Driven by Data: Inventing a New Digital Art
By Mary Daily
Published Jan 1, 2012 12:00 AM
From airplane patterns to Johnny Cash songs to crowdsourced digital sheep, techno-artist Aaron Koblin uses online data to explore new frontiers in digital arts.
Visualize an animated map of North America showing air traffic over a 24-hour period. Swarms of arcing lines shoot out from major cities, from the East Coast waking up in the morning, from the Midwest and finally the West. Later in the day, the pattern reverses. Different versions of the map show the arcs color-coded by altitude, manufacturer, model of aircraft and whether the planes are taking off or landing.
This is not just information; it’s art.
Flight Patterns was the graduate project of Aaron Koblin M.F.A. ’06, creative director of the data arts team in Google’s Creative Lab in San Francisco. For him, the overwhelming amount of air-traffic data from the Federal Aeronautics Administration was the digital equivalent of a painter’s brush and canvas. And the piece — now part of the permanent collection of the Museum of Modern Art in New York, is only one example of why the stock of the young Design | Media Arts graduate is rising like a rocket in the digital art world.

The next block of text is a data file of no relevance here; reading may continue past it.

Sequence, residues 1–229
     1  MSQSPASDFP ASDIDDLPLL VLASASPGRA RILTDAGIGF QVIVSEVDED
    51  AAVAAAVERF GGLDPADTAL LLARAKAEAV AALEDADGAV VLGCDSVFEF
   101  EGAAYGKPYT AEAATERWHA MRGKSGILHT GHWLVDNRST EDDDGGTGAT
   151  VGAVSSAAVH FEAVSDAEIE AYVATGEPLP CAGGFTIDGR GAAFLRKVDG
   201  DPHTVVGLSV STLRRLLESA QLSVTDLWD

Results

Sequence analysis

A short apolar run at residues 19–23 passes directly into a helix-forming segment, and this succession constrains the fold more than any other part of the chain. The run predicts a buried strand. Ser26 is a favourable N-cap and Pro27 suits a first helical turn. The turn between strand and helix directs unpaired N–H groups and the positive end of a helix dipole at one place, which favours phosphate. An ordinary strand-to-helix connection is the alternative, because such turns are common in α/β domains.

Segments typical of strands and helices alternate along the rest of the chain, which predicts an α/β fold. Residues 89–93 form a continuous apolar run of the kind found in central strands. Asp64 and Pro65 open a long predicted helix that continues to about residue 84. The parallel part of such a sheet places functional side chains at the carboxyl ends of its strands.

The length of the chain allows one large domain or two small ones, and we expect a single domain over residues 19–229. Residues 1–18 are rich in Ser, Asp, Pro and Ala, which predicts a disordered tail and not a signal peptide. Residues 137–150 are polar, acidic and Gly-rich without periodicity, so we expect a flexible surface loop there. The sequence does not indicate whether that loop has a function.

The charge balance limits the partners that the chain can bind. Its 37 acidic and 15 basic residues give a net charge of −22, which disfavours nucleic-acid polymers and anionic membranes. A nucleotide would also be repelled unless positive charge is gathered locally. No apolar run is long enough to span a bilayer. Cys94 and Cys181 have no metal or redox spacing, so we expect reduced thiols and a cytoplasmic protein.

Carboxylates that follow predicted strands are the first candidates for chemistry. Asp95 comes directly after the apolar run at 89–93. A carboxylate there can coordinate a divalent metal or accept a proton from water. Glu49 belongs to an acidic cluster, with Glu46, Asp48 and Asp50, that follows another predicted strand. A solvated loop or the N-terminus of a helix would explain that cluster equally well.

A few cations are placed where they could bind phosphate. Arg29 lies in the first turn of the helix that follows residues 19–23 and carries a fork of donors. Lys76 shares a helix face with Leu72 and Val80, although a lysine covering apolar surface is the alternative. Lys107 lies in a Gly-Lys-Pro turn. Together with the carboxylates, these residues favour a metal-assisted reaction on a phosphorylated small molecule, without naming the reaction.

His interest focuses quite a bit on what he calls “data trails” left by human activity and interactions. Koblin has created other, similar maps of e-mail flow and the New York Talk Exchange, visualizing volumes of long-distance telephone and IP data moving between New York and cities around the world. Another map shows SMS signals sent from Amsterdam over several hours on New Year’s Eve.
“I’m not a scientist, not a statistician, not a graphic designer . . . I suppose that makes me an artist,” Koblin says. He’s also part anthropologist, as he maps the habits of contemporary human life. Melding statistical science and digital art into pictures, he uses data to reflect on cultural trends and the relationship between people and technology. And he often invites viewers to participate.